UPDATE 3-EU, U.S. step up WTO action in Argentina trade row

Robin Emmott and Doug Palmer
Reuters Middle East

* EU, U.S., Japan, Mexico say Argentina blocks their imports

* Argentina accuses others of doing the same

* WTO must now try to resolve the dispute

BRUSSELS/WASHINGTON, Dec 6 (Reuters) - The European Union

and the United States stepped up their fight against Argentine

trade practices on Thursday, formally requesting the World Trade

Organization rule on whether the South American country's import

restrictions are illegal.

The move followed similar challenges from Japan and Mexico,

meaning Buenos Aires is now embroiled in disputes with four

major trade partners, who say its rules discriminate against

foreign goods at a time when trade is central to their hopes of

an economic recovery.

"Argentina's import restrictions violate international trade

rules and harm EU exports," EU trade chief Karel De Gucht said

in a statement. "Today's decision ... is the EU's last resort to

see Argentina's unfair trade practices lifted."

EU trade relations with Argentina have worsened since April,

when President Cristina Fernandez seized control of oil firm YPF

from its parent, Spain's Repsol.

U.S. Trade Representative Ron Kirk said Washington had also

asked the Geneva-based WTO for a so-called dispute settlement

panel, a process which can oblige a country to remove

restrictions or face fines.

Argentina too initiated WTO cases on Thursday, accusing the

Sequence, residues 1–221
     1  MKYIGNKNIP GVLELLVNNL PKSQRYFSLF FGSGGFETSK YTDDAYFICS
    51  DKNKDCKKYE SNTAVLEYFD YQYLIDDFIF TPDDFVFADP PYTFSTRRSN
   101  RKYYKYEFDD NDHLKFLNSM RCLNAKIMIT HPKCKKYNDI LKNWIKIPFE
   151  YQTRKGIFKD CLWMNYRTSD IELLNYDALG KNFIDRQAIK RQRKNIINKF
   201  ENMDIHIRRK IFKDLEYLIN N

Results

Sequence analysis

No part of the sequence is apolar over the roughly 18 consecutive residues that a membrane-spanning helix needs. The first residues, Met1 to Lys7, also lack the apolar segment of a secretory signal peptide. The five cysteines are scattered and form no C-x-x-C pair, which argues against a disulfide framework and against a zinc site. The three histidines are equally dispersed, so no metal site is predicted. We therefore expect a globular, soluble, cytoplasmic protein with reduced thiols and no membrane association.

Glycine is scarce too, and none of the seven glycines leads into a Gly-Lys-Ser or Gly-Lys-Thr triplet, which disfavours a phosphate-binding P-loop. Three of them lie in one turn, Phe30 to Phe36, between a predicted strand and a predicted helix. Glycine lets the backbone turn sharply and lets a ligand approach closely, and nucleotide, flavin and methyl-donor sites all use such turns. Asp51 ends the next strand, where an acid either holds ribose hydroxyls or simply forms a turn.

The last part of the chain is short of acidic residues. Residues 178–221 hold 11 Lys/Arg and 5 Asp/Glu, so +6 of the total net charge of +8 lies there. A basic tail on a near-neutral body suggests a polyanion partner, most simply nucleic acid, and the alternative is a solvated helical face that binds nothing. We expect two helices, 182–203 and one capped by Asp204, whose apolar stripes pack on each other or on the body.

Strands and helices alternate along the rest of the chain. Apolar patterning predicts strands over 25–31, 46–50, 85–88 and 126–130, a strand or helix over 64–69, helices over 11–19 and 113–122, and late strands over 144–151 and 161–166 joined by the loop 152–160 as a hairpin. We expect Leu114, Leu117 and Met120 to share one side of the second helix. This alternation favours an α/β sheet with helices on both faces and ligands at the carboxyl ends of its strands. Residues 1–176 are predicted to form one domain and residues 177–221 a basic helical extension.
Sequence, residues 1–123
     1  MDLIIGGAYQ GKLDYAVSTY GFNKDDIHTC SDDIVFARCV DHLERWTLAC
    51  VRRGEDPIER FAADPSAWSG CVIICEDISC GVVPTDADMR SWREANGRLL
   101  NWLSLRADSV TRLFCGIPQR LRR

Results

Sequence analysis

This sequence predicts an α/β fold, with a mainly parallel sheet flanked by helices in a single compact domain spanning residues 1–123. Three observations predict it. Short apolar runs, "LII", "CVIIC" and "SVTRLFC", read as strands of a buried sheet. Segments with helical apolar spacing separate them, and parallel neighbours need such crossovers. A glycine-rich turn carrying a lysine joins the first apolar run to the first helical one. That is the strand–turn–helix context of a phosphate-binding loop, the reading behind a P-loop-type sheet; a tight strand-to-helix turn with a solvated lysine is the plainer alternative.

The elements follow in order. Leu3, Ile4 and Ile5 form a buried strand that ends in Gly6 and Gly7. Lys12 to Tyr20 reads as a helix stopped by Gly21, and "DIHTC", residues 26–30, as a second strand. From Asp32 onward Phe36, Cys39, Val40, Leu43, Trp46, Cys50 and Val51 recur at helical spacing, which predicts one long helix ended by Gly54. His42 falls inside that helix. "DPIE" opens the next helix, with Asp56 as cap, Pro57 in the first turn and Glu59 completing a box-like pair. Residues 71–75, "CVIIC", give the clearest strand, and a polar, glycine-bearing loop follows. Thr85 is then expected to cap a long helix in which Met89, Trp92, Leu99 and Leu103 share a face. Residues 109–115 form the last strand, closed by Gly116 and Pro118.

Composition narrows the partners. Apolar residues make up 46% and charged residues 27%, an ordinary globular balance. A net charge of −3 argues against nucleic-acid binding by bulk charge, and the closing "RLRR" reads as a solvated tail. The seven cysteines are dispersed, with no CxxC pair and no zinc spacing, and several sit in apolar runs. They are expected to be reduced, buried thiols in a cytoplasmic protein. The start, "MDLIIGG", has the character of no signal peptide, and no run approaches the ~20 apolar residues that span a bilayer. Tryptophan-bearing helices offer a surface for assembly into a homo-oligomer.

EU of curbing imports of its biodiesel, and the United States of

restricting imports of its lemons and beef.

The Argentine Foreign Ministry said the latest drive at the

WTO against its trade policies is just a media ploy.

"Faced with our country's specific complaints, they respond

with a broad action that seeks to distract public opinion

instead of resolving the trade barriers that Argentine products

suffer," the ministry said in a statement.

Brussels and Washington say Argentina requires businesses to

apply for import licenses to be able to sell to Latin America's

third largest economy after Brazil and Mexico.

Buenos Aires does not grant the licenses automatically, as

required by global trade rules, they say.

"Argentina's persistent use of protectionist measures

broadly impacts all U.S. exporters of goods to Argentina," Kirk


The Argentine government turned the same concept on its

head, stating: "Argentina reiterates the need for the countries

that are the epicenter of the global crisis to avoid maintaining

protectionist policies that hinder global trade to the detriment

of developing countries."

The European Commission, which handles trade for the 27 EU

member states, says EU exports affected by the restrictions

range from luxury cars and mobile phones to clothes and food.

Since Argentina tightened restrictions earlier this year,

the EU executive says a de facto barrier to all EU exports to

Argentina has been erected.

Such exports were worth 8.3 billion euros in 2011.

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